NOT Easy to Do Business
|74||16 Dec 2016 - 11:39||Prashant||126.96.36.199||Not Easy to Do Business||IT||Maharashtra||Mumbai||1/5||1/5||1/5||1/5||Register the business||Corrupt officials who asked for bribes||
1) Bribe to complete registration of proprietorship. Didn't have to give bribe for registration of private limited company thankfully.
2) No clarity on taxes. For example, when you pay someone for a service, you have to cut 10% TDS. Now, if that person is Amazon and they are a MNC with offices in India and you pay them for their servers - do you deduct TDS? Amazon wants full payment. I talked to a dozen CAs and even a friend of mine in Indian Revenue Service, all of them had no clue. But they suggested me to pay the TDS just to be safe. So I had to pay Amazon the full amount and then 10% on top of that to Dear Govt of India. 100s of scenarios like this with no clarity.
3) Investment laws are a mess. Angel investments go straight into books of account as income and are taxed. God help you if you ever receive a FDI, I finally returned the money to the investor (it was 5 lakhs), as the amount of running around I had to do was not worth it for that small amount.
4) Terrible legal system- it's effectively a joke. An acquisition for one of my products fell through because the acquirer didn't want to make disputes subject to Indian jurisdiction in the contract because, in his own words, "the Indian legal system isn't held in very high regard here (Australia)"
5) High cost of doing businesses. My gateway charges a 5% premium (so 3%+5%) for Indian businesses, because of the increased costs of operation. So, while an American company can charge only 3%, I have to settle for 8%.
So many other small little things - it's like death by a thousand cuts.
|75||16 Dec 2016 - 12:06||Prashant||188.8.131.52||Not Easy to Do Business||Steel||Delhi||Gurgaon||1/5||1/5||1/5||1/5||Register the business||Submitting the same document to different departments||
Government offices are a massive, massive pain to deal with. Even a bigger pain is dealing with the officials. Huge lines, obscure offices, forms that sometimes exist and sometimes don't, always angry and lethargic staff.
My co-founder and I spent an entire day collecting random forms, but in the end gave up and paid 5k to a clerk who got the job done within an hour.
|76||16 Dec 2016 - 12:25||Prashant||184.108.40.206||Not Easy to Do Business||Investment||Delhi||New Delhi||1/5||1/5||1/5||1/5||Other||Investment was troublesome||Confusing laws that say different things||
As an NRI, I invested 5 lakhs in 2005 in an infrastructure fund in 2005. Due to US compliance, it was very cumbersome to keep it functional. I was in India for the last two months and was not able to liquidate it due to one excuse or the other- first it was getting documents from all corners, and then demonetisation.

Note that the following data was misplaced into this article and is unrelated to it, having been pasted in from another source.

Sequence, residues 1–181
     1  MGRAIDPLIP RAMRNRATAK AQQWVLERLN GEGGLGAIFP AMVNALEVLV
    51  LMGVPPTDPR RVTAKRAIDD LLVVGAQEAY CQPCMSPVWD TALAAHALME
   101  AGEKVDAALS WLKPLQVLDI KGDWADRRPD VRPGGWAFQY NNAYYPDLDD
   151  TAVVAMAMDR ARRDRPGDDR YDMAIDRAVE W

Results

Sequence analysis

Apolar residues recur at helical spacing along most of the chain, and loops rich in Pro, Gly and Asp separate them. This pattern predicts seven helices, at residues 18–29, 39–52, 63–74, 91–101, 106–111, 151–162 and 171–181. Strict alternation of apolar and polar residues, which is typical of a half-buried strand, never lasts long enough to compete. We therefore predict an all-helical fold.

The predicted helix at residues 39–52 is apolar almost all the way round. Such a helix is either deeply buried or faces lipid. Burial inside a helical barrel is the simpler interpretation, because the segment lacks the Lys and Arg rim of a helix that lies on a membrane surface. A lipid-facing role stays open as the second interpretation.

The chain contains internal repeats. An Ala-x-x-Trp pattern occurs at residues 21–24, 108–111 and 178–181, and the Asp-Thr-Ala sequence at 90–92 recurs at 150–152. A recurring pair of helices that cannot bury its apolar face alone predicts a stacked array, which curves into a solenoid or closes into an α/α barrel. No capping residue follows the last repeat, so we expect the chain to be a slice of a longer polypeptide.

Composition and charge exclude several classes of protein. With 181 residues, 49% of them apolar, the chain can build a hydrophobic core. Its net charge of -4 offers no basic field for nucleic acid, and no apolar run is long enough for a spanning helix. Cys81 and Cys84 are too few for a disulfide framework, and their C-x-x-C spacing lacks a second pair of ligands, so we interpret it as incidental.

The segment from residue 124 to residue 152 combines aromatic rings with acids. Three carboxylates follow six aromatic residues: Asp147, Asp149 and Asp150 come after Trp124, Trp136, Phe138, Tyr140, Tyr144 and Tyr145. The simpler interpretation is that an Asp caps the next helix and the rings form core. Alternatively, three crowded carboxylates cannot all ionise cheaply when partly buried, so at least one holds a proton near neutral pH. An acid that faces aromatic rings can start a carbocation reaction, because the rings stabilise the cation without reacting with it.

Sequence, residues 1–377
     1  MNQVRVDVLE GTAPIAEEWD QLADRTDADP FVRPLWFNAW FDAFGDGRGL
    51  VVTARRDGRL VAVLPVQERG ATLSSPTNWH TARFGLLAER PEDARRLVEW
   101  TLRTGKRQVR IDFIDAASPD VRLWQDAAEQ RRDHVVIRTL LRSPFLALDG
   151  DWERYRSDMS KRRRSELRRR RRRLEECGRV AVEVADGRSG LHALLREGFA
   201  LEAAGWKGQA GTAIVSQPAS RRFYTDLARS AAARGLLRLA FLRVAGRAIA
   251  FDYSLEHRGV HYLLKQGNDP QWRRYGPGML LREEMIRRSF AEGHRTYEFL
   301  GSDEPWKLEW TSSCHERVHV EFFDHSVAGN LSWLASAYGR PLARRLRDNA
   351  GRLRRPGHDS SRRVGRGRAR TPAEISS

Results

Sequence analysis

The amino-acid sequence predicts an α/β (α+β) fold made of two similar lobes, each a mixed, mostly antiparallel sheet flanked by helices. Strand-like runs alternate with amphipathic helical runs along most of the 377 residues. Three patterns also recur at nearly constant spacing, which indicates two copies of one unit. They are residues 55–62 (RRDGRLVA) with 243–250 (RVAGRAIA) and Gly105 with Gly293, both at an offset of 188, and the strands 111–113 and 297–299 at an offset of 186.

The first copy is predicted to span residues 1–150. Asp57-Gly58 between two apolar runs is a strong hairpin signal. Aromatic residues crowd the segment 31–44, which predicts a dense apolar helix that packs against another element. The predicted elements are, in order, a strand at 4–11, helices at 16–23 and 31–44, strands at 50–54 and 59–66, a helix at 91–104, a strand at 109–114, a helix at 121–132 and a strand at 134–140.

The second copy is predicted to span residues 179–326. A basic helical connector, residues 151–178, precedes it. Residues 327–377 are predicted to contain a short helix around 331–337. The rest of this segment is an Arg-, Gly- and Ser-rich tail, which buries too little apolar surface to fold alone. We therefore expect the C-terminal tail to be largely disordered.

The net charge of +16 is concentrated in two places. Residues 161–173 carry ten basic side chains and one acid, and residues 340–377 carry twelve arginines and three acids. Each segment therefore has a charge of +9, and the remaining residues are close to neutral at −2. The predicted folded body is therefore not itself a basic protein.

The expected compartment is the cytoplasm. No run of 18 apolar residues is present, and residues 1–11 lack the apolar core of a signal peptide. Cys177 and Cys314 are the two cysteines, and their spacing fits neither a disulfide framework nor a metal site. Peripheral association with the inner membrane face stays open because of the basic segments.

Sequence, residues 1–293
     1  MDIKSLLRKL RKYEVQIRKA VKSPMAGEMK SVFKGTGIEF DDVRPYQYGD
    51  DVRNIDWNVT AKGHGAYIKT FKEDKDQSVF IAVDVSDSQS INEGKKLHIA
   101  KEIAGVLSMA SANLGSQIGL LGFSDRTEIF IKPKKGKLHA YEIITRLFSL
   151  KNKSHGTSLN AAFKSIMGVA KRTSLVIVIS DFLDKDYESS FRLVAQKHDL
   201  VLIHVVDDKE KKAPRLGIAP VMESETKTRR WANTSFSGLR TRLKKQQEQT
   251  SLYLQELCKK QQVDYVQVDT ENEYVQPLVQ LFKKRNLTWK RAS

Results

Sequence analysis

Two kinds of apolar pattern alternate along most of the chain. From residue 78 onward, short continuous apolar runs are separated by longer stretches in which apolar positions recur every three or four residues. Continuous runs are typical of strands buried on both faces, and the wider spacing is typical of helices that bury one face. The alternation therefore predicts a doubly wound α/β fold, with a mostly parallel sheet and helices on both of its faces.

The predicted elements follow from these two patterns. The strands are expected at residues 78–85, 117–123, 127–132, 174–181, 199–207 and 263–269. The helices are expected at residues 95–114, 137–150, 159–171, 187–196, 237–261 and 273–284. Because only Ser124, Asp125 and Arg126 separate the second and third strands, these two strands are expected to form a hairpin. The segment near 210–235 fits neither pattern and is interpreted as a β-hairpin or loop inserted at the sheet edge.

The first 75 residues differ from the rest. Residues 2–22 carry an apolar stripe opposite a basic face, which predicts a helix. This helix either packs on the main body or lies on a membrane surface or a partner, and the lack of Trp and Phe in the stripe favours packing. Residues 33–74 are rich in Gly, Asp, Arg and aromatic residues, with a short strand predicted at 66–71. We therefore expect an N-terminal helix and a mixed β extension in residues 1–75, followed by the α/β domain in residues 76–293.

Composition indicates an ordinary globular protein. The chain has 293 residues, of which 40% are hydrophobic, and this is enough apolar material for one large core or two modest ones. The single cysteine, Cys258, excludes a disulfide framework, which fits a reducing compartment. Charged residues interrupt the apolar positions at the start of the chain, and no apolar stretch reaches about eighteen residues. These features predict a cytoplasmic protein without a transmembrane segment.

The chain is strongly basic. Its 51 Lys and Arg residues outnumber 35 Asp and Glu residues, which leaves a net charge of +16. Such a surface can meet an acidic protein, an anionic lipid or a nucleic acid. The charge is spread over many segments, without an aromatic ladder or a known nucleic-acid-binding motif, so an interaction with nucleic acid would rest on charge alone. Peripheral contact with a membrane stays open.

Excuse 1. Signature does not match.
Excuse 2. Your application does not mention what type of bank account you have. (A cancelled copy of the cheque was attached, and it clearly stated it is a savings account)
Excuse 3. ID not attached. (Copy of PAN number was filed with the application)
So my money is stuck for another year at least.
|77||16 Dec 2016 - 13:51||Prashant||220.127.116.11||Not Easy to Do Business||Manufacturing SME||Delhi||Noida||2/5||1/5||1/5||2/5||
Register the business
|Confusing laws that say different things||
There are various problems if one wants to start their own business in India.
Firstly, the confusion of requirements to start business. Unless you contact a broker or a CA, you cannot get required certificates done.
Secondly, taxation. There are whole lot of tax procedures which are too complicated. VAT, CST, Income tax, TDS- the list is endless. There are too many loopholes and too many things to take care of.
Every month, the tax clerk comes to our office and takes 300 rupees just to ensure we are compliant and in no trouble, and gives his signature on our monthly VAT returns. If we dont pay him, it would atleast take 2 days of our time to get things done properly.
|78||16 Dec 2016 - 13:58||Anonymous (not verified)||18.104.22.168||Not Easy to Do Business||Online sales||Delhi||New Delhi||1/5||1/5||1/5||1/5||Trade outside state/ country||Confusing laws that say different things||
Amazon operates in 13 countries worldwide.
However, only amazon.in requires the seller to have a company registration certificate and a VAT certificate to even register as a seller.
Make In India, my foot! Decided to sell on amazon.com.
I'm very idealistic too. After reading all the replies on our website, I'm depressed and shattered. I don't think I can ever get myself to bribe someone. Don't have any connections too(even if I did, I don't think I would be very comfortable using them!). Feeling helpless at the moment- it shouldn't be this difficult to start a business, should it?
|79||16 Dec 2016 - 14:12||Prashant||22.214.171.124||Not Easy to Do Business||Education||Delhi||Noida||2/5||1/5||1/5||1/5||Register the business||Other||Customers||